2. Measurement of current water level
        3. Measurement of seedling roots, stem, and section above soil after planting
        4. Note of tree mortality and surrounding environmental conditions
        5. All reports will be compiled into a single report to be submitted to ISI and Groasis for their research efforts.
  1. EPCAMR will communicate with Bridgemont Sustainability Institute (BSI) to analyze our prior results from our previous Phase I and Phase II projects to provide additional insight as it becomes available to guide the research and development of those previous projects as they relate to the implementation of Phase III going forward.
  1. EPCAMR expects to receive increased site incentives and financial support to support Staff that will be reflective of the increased monitoring, reporting and analysis requirements combined with the additional involvement with the BSI research.
  1. EPCAMR will work to make the plants more community oriented around the Waterboxx research effort by making the plantings a part of reforestation events. The first report will include information gathered from the volunteer event and initial planting.  The next 11 reports will reflect the monthly monitoring data.  The final report will feature the overall experience EPCAMR will coordinate in the research effort.
  1. EPCAMR is interested in a volunteer management consultation with ISI or the ACCT Support Office to prepare EPCAMR for future events.  It’s anticipated that the consultation will focus around the application of the Toolkit for Working with Rural Volunteers created by the OSM/VISTA Teams. EPCAMR currently does not have a copy of the Toolkit.  EPCAMR believes that working through The Toolkit and consultation will assist our own regional non-profit organizations in creating a more sustainable volunteer monitoring program, in addition to tree planting events and other community efforts that are undertaken by our Staff.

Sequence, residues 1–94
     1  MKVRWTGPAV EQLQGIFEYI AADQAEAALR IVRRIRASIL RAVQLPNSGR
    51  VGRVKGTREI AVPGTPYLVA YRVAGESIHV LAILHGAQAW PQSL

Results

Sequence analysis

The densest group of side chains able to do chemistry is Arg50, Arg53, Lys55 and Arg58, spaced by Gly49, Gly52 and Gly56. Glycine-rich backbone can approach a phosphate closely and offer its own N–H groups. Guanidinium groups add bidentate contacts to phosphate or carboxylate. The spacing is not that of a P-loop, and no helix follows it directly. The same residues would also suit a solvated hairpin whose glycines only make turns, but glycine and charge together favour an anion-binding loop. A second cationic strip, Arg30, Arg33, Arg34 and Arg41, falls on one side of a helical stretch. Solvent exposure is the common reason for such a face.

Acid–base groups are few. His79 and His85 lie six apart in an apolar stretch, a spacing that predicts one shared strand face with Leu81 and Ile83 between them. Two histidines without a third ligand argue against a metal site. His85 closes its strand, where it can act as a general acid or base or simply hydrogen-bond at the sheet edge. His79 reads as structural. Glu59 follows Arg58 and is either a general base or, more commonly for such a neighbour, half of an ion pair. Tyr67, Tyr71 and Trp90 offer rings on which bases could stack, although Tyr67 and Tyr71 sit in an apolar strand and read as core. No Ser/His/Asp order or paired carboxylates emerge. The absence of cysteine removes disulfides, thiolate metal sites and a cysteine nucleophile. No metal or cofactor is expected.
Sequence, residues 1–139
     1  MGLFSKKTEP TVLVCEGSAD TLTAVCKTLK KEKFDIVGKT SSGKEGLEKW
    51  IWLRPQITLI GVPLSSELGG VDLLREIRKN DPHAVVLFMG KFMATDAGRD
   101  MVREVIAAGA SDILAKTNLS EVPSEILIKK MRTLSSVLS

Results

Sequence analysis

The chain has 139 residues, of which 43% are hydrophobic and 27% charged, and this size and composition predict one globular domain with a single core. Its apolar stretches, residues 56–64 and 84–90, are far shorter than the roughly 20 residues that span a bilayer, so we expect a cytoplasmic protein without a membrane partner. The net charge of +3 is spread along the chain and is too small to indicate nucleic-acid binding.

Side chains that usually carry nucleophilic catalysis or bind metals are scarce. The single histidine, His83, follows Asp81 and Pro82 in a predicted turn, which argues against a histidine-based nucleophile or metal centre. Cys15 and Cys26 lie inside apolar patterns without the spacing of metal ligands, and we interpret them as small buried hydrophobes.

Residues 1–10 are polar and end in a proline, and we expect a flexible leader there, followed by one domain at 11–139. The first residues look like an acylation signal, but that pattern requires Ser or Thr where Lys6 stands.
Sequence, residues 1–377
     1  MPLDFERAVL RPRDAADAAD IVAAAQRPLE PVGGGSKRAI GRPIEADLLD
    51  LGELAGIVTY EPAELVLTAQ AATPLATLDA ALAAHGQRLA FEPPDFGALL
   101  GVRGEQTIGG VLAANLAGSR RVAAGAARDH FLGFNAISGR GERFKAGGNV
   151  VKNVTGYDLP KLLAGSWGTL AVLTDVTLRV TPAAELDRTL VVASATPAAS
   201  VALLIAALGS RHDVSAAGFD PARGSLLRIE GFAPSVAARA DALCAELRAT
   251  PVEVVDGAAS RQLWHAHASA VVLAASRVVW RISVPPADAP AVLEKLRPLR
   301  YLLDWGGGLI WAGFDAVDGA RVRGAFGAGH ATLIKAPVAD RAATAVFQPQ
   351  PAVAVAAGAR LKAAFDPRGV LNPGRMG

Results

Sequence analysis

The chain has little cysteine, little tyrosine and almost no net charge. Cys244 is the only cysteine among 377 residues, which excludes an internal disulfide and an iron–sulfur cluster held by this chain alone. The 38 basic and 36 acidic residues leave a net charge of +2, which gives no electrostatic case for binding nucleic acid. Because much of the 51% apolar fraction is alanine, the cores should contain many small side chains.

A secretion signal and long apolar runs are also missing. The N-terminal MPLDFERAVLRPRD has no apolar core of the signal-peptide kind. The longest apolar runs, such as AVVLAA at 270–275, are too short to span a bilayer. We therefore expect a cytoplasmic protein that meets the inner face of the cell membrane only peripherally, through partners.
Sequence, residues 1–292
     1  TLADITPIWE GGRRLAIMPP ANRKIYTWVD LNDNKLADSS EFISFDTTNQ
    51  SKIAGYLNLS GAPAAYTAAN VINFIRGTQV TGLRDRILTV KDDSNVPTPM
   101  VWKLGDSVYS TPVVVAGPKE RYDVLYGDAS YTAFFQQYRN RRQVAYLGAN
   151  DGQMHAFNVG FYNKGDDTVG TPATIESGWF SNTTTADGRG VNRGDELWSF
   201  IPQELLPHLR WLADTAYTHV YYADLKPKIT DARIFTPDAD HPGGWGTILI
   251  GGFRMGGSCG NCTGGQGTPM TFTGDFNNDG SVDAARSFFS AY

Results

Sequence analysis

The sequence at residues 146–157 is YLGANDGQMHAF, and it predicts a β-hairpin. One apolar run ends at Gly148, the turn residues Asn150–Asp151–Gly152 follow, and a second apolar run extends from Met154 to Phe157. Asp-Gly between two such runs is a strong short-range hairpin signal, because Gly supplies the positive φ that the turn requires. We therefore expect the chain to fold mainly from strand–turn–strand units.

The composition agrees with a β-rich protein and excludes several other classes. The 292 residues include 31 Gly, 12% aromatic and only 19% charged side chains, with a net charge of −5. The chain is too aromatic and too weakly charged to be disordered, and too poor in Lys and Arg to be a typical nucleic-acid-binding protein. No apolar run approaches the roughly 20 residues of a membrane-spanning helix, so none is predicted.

1. EPCAMR Staff will attend a Waterboxx Workshop held by the Reforestation Coordinator to learn about assembly, installation, the overall project concept, and proper reporting, provided that travel and lodging funding is available. EPCAMR Staff can benefit greatly from attending these meetings and workshops where other like-minded organizations that are a part of the research effort will also be there to network and share experiences as well as to be introduced to new partnerships potentially than can be made.

 

Abbreviated Budget

EPCAMR Staff Coordination  (part-time Watershed Outreach Specialists and seasonal interns)-$10,000

Travel and Lodging (Trainings and travel to project sites, mileage reimbursements, per diem)-$2000

Supplies-seedlings, shovels, spades, water containers, soil thermometers, air temperature monitors, storage shed, paper, clipboards-$2000

Administration-phone calls, internet, postage, fax-$1000

Total 2 Year Budget Expenses Requested-$15,000

AMD Environmental Education & Pottery Art Program Tours Scheduled for Greater Nanticoke Area’s 4th & 5th Grade

 

EPCAMRLogorevisedorangeblue